Contrary to the implications made by columnist Bryan Stascavage, PETA operates under non-violent principles. We work to help animals by exposing cruelties in the entertainment, food, clothing, and animal-testing industries. Our campaigns are sometimes colorful, but everything we do—including working with law enforcement officials and bringing litigation against animal abusers—is peaceful.
By encouraging people to make compassionate choices—such as choosing veggie burgers instead of artery-clogging beef patties and funding and promoting the development and use of state-of-the-art non-animal research and testing methods—we are helping animals and humans.
There’s nothing wrong with shedding light on the ways that animals are abused in laboratories, and it’s illogical to imagine that progress must come from poisoning dogs, making mice grow tumors as big as their bodies, or infecting monkeys with debilitating diseases that they don’t contract in nature. In fact, relying on animals may be impeding scientific breakthroughs: According to a National Institutes of Health study, the average rate of success converting data from animal experiments to clinical cancer trials is less than 8 percent.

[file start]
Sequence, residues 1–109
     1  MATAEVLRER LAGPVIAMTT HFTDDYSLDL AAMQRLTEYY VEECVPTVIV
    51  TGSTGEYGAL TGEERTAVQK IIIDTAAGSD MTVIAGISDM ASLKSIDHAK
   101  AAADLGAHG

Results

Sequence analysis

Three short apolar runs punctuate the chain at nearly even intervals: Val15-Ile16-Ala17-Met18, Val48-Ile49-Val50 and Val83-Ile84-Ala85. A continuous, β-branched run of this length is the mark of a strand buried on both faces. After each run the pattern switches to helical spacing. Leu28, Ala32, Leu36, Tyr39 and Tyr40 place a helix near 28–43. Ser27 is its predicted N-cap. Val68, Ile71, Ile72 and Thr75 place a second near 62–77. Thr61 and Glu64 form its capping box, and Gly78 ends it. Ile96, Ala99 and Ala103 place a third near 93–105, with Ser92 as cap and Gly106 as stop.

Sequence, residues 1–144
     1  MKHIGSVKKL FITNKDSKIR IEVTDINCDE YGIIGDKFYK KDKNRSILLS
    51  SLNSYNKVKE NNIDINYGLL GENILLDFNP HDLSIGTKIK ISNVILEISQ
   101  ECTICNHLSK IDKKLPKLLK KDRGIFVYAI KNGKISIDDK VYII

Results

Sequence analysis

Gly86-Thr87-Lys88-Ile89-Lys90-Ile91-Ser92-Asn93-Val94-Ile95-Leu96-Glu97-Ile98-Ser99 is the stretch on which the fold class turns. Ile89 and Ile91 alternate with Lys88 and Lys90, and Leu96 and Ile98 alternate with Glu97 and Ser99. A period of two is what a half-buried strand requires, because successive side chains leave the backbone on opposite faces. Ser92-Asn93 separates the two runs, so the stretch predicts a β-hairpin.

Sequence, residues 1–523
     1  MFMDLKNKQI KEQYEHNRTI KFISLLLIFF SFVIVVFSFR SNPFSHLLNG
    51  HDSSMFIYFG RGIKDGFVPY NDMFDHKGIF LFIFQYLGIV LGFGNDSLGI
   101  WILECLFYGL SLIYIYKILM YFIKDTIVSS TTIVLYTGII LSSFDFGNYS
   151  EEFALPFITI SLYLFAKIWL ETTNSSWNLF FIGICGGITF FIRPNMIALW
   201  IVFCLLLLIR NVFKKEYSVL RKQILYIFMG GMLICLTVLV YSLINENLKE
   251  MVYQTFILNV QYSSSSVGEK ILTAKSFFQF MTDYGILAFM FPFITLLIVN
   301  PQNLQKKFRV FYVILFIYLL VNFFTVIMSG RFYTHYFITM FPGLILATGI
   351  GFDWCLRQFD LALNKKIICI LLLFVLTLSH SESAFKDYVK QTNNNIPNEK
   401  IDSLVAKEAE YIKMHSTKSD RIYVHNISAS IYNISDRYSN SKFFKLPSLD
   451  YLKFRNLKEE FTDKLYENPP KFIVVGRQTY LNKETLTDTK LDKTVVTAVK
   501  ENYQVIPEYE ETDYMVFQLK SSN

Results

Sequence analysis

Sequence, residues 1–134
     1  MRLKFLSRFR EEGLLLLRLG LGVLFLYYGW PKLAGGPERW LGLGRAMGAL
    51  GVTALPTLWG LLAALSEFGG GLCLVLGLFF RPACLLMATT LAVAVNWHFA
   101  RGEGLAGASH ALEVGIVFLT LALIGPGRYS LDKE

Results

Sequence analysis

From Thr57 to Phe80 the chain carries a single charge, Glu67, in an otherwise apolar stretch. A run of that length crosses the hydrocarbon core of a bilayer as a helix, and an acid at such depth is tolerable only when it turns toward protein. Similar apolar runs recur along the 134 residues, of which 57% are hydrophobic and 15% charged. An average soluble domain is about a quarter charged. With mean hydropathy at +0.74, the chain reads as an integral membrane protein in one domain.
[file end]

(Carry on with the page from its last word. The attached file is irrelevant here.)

I invite readers to visit peta2.com to learn more about what we do and how they can help make the world a kinder place for animals.
Montville is the Senior College Campaign Strategist for PETA.